All Souls or Saints or Halloween?-A A +A
Questions that Matter
Tuesday, October 30, 2012
AS I went over my past articles, one title struck me most about the incoming celebration. Allow me to share it once again.
When are we celebrating the “All Saints’ day and the All Souls’ Day?” Are they the same? “Pista Minatay” and “Todos los Santos?” Many Catholics are not cleared on the matter. I will try to make some clarification in this article.
“All Saints' Day (in the Roman Catholic Church officially the Solemnity of All Saints and also called All Hallows or Hallowmas), often shortened to All Saints, is a solemnity celebrated on November 1 by in the Catholic Liturgical Calendar to honor all the saints, known and unknown. In the Western calendar, it is the day after Halloween and the day before All Souls' Day. Although being one calendar day after Halloween, they are in no way related.
All Souls' Day commemorates the faithful departed. In Western Christianity, this day is observed principally in the Catholic Church, although some churches of Anglican Communion and the Old Catholic Churches also celebrate it. The Roman Catholic celebration is associated with the doctrine that the souls of the faithful who at death have not been cleansed from the temporal punishment due to venial sins and from attachment to mortal sins cannot immediately attain the beatific vision in heaven, and that they may be helped to do so by prayer and by the sacrifice of the Mass. In other words, when they died, they had not yet attained full sanctification and moral perfection, a requirement for entrance into Heaven. This sanctification is carried out posthumously in Purgatory.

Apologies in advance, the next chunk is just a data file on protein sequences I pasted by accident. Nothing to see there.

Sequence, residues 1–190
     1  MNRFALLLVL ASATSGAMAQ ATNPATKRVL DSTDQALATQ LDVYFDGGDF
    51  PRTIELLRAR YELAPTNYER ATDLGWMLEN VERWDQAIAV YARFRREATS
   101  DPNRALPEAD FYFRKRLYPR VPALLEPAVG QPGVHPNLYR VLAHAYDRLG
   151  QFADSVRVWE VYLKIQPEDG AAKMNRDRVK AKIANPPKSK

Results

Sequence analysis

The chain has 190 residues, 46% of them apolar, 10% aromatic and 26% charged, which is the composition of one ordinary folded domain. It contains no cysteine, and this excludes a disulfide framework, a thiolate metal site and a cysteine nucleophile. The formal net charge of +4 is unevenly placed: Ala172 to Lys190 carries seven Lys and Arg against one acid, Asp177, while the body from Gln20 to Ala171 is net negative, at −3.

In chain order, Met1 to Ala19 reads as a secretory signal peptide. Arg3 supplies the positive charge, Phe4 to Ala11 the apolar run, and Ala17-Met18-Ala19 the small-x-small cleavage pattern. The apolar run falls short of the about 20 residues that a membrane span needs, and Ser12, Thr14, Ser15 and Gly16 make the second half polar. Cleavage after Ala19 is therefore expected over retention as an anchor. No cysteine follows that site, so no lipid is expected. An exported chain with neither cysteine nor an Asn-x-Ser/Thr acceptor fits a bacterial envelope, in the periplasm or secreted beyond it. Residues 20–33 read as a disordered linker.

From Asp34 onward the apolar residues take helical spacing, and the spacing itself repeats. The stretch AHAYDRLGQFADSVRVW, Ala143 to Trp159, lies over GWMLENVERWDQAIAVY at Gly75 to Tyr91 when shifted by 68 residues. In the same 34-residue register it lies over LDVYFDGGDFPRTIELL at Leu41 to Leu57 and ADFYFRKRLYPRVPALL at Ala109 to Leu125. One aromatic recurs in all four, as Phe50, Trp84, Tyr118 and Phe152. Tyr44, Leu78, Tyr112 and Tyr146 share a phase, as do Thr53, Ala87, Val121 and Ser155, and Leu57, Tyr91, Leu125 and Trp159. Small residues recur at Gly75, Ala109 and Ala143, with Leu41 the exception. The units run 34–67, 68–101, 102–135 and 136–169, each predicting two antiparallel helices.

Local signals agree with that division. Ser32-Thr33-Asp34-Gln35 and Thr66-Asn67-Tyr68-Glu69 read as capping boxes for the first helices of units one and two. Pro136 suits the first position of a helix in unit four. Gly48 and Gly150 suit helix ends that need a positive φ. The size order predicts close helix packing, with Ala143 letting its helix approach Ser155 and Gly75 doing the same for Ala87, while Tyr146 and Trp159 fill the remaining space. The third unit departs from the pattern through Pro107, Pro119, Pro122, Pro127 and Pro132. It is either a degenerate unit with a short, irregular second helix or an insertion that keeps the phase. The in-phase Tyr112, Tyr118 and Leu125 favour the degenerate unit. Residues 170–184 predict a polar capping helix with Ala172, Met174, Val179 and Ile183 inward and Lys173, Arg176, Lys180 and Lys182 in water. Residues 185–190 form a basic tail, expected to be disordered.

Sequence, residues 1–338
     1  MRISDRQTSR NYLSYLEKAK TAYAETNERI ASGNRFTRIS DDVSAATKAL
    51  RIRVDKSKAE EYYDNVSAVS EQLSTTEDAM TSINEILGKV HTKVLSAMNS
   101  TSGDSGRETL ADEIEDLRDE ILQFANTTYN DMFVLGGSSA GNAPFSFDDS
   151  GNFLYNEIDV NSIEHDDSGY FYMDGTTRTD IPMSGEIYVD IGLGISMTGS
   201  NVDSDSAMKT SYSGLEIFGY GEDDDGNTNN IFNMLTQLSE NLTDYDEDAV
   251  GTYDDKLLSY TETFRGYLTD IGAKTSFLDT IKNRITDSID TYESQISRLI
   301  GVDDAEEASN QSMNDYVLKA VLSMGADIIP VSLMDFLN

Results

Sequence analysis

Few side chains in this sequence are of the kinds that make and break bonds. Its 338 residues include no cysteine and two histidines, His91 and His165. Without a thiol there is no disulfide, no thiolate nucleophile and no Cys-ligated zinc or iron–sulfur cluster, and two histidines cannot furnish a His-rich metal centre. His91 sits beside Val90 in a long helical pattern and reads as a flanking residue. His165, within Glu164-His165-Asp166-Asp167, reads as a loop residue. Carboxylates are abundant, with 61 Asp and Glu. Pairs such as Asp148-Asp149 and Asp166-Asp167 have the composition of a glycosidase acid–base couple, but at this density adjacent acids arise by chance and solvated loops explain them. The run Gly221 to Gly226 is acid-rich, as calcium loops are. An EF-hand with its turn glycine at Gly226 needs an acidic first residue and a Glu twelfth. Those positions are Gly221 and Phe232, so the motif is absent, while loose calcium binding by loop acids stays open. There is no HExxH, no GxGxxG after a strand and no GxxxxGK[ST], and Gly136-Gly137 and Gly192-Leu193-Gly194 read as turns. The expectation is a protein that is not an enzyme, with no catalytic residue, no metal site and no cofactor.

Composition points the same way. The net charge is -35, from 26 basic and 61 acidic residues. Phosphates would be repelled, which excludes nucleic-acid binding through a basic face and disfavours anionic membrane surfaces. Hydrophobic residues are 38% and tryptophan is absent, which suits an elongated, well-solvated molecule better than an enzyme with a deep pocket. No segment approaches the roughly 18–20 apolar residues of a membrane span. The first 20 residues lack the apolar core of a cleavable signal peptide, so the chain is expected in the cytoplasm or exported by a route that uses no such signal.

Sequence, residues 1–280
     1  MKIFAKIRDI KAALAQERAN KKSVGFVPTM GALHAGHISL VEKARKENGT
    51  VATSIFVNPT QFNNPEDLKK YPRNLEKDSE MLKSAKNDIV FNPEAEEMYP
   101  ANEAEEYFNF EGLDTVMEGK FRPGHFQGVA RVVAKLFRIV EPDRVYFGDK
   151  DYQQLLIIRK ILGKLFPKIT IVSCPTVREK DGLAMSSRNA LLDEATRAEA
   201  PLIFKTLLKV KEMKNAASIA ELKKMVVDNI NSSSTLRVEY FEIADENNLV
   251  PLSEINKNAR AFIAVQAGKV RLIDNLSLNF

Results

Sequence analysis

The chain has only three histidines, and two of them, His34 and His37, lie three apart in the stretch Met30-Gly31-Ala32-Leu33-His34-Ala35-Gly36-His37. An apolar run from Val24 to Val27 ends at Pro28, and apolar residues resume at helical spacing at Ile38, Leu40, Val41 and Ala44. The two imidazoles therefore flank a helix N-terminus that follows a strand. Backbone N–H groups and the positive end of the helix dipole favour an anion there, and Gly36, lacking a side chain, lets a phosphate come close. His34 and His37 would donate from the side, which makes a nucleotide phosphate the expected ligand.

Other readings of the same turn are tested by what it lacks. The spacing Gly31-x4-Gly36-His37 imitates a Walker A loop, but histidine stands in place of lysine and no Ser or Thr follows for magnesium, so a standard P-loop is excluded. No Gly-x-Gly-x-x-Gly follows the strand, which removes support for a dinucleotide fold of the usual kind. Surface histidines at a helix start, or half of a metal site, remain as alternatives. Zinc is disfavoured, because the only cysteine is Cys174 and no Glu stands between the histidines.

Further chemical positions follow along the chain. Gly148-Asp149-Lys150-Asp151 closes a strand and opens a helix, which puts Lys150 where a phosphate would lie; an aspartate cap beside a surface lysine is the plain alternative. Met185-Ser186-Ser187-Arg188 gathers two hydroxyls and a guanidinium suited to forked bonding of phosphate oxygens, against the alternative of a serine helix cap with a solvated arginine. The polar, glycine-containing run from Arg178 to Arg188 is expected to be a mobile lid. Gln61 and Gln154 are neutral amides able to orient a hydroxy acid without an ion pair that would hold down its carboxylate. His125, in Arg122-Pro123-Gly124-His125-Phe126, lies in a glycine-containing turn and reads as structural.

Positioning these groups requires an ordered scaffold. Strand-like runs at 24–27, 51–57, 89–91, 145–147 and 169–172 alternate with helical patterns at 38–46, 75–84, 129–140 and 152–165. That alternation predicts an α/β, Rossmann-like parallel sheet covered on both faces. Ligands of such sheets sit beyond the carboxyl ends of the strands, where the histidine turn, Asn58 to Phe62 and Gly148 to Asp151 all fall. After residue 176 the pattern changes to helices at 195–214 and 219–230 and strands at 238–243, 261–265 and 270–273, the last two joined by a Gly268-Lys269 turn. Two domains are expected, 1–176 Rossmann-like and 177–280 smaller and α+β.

The official name of the celebration in the Roman Rite liturgy of the Roman Catholic Church is "The Commemoration of All the Faithful Departed." Another popular name in English is Feast of All Souls. In some other languages the celebration, not necessarily on the same date, is known as Day of the Dead.
Halloween (a shortening of All Hallows’ Evening), also known as Halloween or All Hallows' Eve, is a yearly holiday observed around the world on October 31, the night before All Saints' Day. Much like Day of the Dead celebrations, the Christian feast of All Hallows' Eve, according to some scholars, incorporates traditions from pagan harvest festivals and festivals honoring the dead, particularly the Celtic Samhain; other scholars maintain that the feast originated entirely independently of Samhain. Typical festive Halloween activities include trick-or-treating (also known as "guising"), attending costume parties, carving jack-o'-lanterns, lighting bonfires, apple bobbing, visiting haunted attractions, playing pranks, telling scary stories, watching horror films, as well as the religious observances of praying, fasting and attending vigils or church services.” (Wikipedia)
Hopefully, these descriptions will now give us the full picture of the celebrations. Many good capitalists and businessmen had made the celebrations more of a business opportunity and thus, the religious significance of the feasts was lost.
November 1 is a time of the year where we are reminded of our passage in this world, and it speaks of the reality that we all pass through the process of death. It is also a reminder for us that we are only passing by. The Faithful departed are known for their acts and deeds while they were passing by. Their deeds are those to be remembered and to be learned a lesson from.
November 2 tells us that we are all called to “sainthood.” It means that we have to live our lives to the fullest. We are “saints” by right of our baptism. However, our sainthood depends on how we live our lives. It is not only the canonization that makes us “Saints” but we become “saints” through the way we live our lives as models of faith.
So, the next time we celebrate All Saints’ Day and All Souls’ Day, we understand well the meaning and significance of the celebrations.
My best wishes to my hijado Michael and hijada Katkat Yana Yu. Belated birthday greetings to Adrian Samillano. Advance birthday greetings to Cheressa Sanchez and Donson John Sadava of the UNO-R DSA office.
Saints Ezekiel Moreno, Pedro Calungsod and Lorenzo Ruiz; Blessed John Paul II and Sir Faraon Lopez, pray for us.
Published in the Sun.Star Bacolod newspaper on October 30, 2012.